Helping Out a Chronically Ill Friend

Updated on March 28, 2011
M.K. asks from San Diego, CA
12 answers

We are good friends with a family in our neighborhood. Our children attend the same school. We have known each other for a couple years. The mom suffers from a chronic condition related to her Pituitary Gland. She is often bedridden and is currently in the hospital.

I wonder how can I support them better when times are tough? I have thought that bringing a meal by is good idea. I would like to extend a helping hand in a way that is thoughtful but not creating more stress for them. I don't want to say, "Well, if you need anything, just give a call." I want to just do something but I'm having a challenging time thinking of what.

Can any of you relate to their situation? And if so, how did your friends help you out? Besides bringing the occasional meal by? Or have any of you been a support to a friend who is ill and what did you do?


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So What Happened?

Thanks everyone for your excellent advice! I was on my way to Target anyway and called her husband to see if they needed anything. They didn't but they really appreciated my call. I am glad they have a lot of support and your advice was excellent. I wish she could be cured and able to participate in her life more fully but her positive attitude is really inspiring.

She is back at home now from hospital and is a little better.

Featured Answers



answers from Honolulu on

Food is always a good idea. Bring something that can be eaten that day or frozen for later. Also ask specific questions like "does Johnny need a ride to piano lessons? I'd be happy to take him" or whatever you are willing and able to do. Also call before you go to Walmart or the grocery store to ask if they need anything while you are there. Offer to take the kids for playdates.

1 mom found this helpful

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answers from Dallas on

Some things that I've found people in this sort of situation appreciate:

(1) Offer to do errands. You can call and let her know that you'll be doing some errands the next day, and ask whether you might pick up anything she needs at the places where you'll be, or make a stop somewhere else while you're out. If she declines the first time, call again another week. She'll have time to think about it and realize things that it would be helpful to have you do. If she takes you up on it, call her and let her know places you're going and see if you can get things that she needs there. Don't pay for the things for her, or she'll feel awkward asking again.

(2) Invite the children over to your house and on special outings occasionally. This helps her and the children. She can relax knowing that they are in someone else's care and are having some fun, and they benefit from being out of the house where sickness is bound to put a damper on things, and lets them just be kids for a little while. Their mother probably has little energy for taking them anywhere fun. Let her know that your kids enjoyed it so much more having her kids come along to help her feel less like a charity case.

(3) If the husband is overburdened taking care of her, consider having your husband (or teenager if you have one) come and mow their lawn or rake their leaves once in awhile to take the load off. This will free him up a little to give her some more attention or have some free time for himself.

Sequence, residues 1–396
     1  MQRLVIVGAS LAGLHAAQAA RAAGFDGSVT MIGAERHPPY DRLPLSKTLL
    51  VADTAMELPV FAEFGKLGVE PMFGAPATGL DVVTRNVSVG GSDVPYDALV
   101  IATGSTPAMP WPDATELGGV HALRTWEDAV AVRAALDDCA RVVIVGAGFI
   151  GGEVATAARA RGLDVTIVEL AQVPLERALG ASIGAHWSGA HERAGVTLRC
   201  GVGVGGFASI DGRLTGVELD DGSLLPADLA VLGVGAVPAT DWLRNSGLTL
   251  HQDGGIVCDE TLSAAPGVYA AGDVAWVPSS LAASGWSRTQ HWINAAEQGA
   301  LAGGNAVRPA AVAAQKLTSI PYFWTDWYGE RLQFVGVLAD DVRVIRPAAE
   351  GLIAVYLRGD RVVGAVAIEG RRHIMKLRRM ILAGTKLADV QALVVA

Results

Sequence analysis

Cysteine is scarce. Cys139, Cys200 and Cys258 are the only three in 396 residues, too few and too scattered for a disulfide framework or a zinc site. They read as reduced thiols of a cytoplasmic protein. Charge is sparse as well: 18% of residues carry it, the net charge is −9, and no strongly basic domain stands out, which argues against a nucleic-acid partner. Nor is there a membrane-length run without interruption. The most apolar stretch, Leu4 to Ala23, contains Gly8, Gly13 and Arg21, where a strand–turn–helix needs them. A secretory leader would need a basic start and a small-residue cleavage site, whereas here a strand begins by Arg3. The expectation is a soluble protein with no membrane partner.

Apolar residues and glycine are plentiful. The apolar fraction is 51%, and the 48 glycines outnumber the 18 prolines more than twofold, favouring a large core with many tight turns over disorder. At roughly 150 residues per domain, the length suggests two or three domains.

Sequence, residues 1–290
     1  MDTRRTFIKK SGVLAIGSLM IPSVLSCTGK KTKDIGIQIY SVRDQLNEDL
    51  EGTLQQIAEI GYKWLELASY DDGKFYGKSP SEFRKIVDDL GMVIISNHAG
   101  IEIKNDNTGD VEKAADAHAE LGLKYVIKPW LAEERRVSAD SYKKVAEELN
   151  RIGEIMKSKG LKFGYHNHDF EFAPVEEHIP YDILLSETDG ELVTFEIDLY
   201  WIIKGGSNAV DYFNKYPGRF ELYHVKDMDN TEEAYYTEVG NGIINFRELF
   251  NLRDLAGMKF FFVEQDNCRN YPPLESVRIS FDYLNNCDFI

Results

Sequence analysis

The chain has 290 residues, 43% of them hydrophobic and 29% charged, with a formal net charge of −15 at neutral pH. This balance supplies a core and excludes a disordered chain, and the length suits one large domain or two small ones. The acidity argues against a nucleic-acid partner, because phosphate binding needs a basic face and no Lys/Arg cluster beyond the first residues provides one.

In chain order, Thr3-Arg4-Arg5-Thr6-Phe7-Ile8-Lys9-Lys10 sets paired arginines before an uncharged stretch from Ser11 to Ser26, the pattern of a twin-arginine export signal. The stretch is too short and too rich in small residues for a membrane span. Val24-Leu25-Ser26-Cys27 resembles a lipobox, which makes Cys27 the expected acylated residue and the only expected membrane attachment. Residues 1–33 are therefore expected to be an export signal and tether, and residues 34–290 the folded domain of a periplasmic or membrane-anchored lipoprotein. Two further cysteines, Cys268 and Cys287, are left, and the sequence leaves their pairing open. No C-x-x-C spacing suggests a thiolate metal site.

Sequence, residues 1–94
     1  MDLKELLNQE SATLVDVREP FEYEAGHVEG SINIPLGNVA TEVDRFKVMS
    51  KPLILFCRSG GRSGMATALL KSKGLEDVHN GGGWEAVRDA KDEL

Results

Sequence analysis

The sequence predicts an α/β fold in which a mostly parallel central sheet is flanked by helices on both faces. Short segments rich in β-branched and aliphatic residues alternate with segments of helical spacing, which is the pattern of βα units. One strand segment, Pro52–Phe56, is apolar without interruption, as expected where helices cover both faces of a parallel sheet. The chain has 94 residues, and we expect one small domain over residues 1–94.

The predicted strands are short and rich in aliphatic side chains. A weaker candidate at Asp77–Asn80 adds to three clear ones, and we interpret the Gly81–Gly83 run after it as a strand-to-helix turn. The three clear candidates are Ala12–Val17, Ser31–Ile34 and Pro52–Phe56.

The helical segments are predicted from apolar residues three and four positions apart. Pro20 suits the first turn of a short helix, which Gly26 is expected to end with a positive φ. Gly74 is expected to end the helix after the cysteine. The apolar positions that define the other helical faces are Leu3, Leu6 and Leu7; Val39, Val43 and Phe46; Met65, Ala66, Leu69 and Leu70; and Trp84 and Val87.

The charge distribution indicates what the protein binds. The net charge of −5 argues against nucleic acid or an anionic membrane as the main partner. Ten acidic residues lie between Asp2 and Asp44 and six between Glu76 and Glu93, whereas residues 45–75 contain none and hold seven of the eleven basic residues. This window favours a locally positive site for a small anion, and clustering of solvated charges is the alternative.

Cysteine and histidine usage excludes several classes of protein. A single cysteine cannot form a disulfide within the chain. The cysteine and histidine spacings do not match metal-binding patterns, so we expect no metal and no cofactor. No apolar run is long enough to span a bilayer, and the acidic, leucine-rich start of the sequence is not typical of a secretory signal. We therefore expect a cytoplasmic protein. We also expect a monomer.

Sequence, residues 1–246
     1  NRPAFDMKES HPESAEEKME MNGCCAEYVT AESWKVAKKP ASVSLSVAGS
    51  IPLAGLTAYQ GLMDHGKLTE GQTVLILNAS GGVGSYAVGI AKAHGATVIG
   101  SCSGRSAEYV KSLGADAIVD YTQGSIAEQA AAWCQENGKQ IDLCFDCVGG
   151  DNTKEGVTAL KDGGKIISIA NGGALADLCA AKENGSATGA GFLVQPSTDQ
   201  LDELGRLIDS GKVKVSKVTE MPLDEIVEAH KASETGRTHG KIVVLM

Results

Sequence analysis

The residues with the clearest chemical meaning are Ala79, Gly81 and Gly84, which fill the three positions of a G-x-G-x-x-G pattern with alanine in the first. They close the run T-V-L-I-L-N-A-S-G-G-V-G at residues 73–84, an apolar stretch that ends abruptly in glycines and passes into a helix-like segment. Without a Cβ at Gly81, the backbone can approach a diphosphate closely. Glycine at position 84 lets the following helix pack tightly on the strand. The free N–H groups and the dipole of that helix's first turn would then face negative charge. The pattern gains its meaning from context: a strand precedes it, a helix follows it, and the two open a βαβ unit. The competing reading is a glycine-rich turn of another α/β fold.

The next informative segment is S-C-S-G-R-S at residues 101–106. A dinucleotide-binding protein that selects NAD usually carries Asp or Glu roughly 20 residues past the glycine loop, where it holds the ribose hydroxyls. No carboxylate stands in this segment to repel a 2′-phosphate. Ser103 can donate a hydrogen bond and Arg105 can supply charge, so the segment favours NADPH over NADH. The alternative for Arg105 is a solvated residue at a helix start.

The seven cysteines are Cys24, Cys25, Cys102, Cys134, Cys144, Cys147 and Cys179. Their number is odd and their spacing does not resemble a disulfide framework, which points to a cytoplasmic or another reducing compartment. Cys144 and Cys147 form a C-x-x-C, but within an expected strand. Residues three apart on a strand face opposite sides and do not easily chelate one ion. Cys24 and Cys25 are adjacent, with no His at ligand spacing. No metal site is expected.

(4) Offer to help put out their holiday decorations at Christmas time, and then take them down afterward.

(5) Food is always a thoughtful gesture, but sometimes people with medical conditions have diet restrictions or find only certain foods to be appealing. On the other hand, feeding the rest of the family helps as well. Make it easy on them by using a disposable container and making something that can go in the freezer for use on a night when cooking will be difficult.

4 moms found this helpful


answers from Milwaukee on

Make a meal that freezes well, never stop by unanounced with a meal instead once a week you can make a meal for them and set a certian day (every tuesday or whatever works for you and the family) to drop it off. If they turn it down then ask if there is anything else like light cleaning that you could help with. For me I have noticed that even family they really want to do a lot on there own, what works best for them, and they got tons of meals made for them and had way too much to food around. Plus half the stuff they could not eat due to food sesitvities or did not freeze well so ended up being wasted.

In the end the best thing you can do is be there is listen, bring a good bright spirit when you visit. Ask what you can do, offer what you do well, and respect if they say they are ok.

3 moms found this helpful


answers from Columbia on

When I was off my feet for an extended period of time both of my children were young. One of the kindest things I can remember anyone doing, and there were many, was that one of the ladies who worked with my mom went to Dairy Queen and bought ice cream and all kinds of toppings for the kids to make sundaes with. It touched me especially because at that point I couldn't do the little things like take the kids out for ice cream, and nothing made me happier than seeing my kids happy. I think moms who are ill worry so much about the kids and how they are feeling, and it is hard to do special little things for them, so knowing they would still have little treats from time to time meant a lot.